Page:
What do content marketers and sharks have in common? In a word: efficiency. To quote Richard Dreyfus in Jaws, “It’s really a miracle of evolution. All this machine does is swim and eat and make little sharks, and that’s all!” Like sharks, as content marketers, everything we do contributes to the content we create. Whether we’re using personal passions like Shark Week to add relatable wrinkles to valuable topics, or recounting relevant business experiences and best practices in a more direct narrative, who we are informs what we produce. With that in mind, to better understand what makes a good content marketer, we’ve broken down some specific skills into the anatomy of nature’s best predator, the shark.
On top of the standard senses – touch, taste, sight, smell, and hearing – sharks also have a special sixth sense enabling them to detect the electric fields around them through a unique organ called the Ampullae of Lorenzini. This ability allows sharks to target prey in the murkiest of water, or well beneath seafloor sediment as if by magic. Similarly, good marketers have a sixth sense of their own, namely, marketing analytics, which reveal exactly what’s working and what’s not. Research shows that 79% of leading marketers use analytics to track how specific pieces of content preform, which, over time, allows marketers to know exactly what will work and what won’t in advance.
Unlike your average fish scales, shark skin is made up of tiny, tooth-like plates called “denticles.” Literally meaning, “small teeth,” sharks’ denticles make for an extremely tough, resilient outer layer of skin while also streamlining sharks to be beautifully efficient swimmers. As only 54% of marketers report being effective or very effective at creating high quality content, like sharks, content marketers need to have tough skin to take the bad with the good, while also being able to move quickly on optimizing what’s working, or to divert away from what’s not.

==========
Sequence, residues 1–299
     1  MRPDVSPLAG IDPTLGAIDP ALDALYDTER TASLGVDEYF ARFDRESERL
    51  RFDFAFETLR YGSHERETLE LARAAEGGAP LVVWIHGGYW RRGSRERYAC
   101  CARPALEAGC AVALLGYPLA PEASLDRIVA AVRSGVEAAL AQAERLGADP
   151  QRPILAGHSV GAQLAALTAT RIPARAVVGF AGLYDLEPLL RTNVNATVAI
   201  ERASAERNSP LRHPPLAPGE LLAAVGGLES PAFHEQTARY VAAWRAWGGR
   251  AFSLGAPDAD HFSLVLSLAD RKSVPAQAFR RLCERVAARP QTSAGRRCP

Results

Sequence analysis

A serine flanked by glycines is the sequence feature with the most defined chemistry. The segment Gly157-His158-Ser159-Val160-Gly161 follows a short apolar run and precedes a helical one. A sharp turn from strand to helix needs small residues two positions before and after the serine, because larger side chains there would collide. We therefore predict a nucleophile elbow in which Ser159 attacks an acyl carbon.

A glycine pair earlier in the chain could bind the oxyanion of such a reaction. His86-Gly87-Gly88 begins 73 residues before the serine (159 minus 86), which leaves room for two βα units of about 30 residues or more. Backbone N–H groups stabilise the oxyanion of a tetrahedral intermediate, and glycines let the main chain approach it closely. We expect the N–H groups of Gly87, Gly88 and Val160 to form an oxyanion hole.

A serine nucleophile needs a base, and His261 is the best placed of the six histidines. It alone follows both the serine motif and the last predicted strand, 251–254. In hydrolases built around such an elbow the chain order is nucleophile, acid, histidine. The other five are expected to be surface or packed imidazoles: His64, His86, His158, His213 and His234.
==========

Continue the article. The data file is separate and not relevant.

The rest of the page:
There are over 470 different species of sharks, and naturally, with such variety, there’s a lot of amazing specialization. Take the whale shark, for example – despite being the largest living shark it feeds on some of the ocean’s smallest organisms, plankton, with a unique filter feeding adaptation. The jagged, differentiated teeth of the tiger shark, as another example, allow it to be a living garbage disposal with a diet ranging from albatross to sea turtles to license plates. Like sharks, great content marketers have uniquely specialized skills or insights that effectively serve their market. Content marketing research from Aberdeen shows that marketers who align content to specific stages of the buyer’s journey see 73% higher conversion rates on average than those who don’t. Naturally, whether it’s filtering the right content into campaigns, or helping buyers take a bite out of tough topics, the specialty of great content marketers is in serving their target audience.
Why do 77% of Best-in-Class organizations report a “good” or “strong” relationship between marketing and sales? Basically, it’s because a healthy relationship between marketing and sales is naturally beneficial. In nature, sharks demonstrate an equally beneficial relationship with fish called remoras that often swim with, or directly attach to many species of sharks. For sharks, remoras provide a valuable service by removing parasites, and cleaning out wounds or abrasions. For the remoras, sharks offer the perfect means for effortless transportation and an easy meal. Similarly, a healthy relationship between marketing and sales means that marketers are kept clean in the eyes of the C-suite by supporting closed deals from sales, and sales can feed off of, and even ride the momentum of marketing as well.
Just as sharks are perfectly adapted organisms for their environments, top content marketers must also be perfectly adapted to the dynamic world of modern marketing. In the spirit of shark week, do you have any additional shark / marketer similarities you’d like to share? Please feel free to take a bite out of the comment box below…